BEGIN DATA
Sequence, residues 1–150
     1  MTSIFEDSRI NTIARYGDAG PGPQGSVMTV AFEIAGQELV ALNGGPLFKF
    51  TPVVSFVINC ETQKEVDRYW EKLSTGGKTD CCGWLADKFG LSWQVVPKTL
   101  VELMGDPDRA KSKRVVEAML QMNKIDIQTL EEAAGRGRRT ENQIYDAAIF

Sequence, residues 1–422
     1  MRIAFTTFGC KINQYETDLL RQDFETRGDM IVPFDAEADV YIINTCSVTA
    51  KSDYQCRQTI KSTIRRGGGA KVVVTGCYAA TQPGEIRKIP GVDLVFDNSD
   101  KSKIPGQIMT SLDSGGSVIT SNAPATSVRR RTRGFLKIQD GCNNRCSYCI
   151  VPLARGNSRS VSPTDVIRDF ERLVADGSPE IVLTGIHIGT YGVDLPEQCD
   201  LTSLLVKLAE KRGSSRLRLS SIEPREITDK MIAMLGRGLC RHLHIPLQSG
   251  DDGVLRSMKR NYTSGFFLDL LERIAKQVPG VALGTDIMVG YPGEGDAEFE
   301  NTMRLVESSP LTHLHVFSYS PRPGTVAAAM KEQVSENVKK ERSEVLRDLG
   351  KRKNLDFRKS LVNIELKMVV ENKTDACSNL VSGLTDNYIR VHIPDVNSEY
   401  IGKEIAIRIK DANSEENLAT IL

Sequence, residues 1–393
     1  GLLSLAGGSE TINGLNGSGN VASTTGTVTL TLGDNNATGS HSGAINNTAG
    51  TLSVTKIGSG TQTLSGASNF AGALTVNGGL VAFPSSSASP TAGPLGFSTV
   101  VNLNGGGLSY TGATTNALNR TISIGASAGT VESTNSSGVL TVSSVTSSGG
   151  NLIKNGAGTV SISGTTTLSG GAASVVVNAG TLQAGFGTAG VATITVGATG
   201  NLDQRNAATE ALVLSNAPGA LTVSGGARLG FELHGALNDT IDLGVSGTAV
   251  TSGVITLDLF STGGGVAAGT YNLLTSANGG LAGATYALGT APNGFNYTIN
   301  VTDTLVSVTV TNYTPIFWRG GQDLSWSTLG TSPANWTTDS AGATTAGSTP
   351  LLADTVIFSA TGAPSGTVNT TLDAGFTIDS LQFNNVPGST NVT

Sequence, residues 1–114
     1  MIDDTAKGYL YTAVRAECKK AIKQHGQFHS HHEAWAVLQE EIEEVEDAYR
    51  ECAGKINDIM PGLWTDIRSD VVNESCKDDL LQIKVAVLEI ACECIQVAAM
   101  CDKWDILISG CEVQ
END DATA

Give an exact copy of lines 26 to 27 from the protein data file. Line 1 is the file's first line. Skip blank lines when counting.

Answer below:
    51  ECAGKINDIM PGLWTDIRSD VVNESCKDDL LQIKVAVLEI ACECIQVAAM
   101  CDKWDILISG CEVQ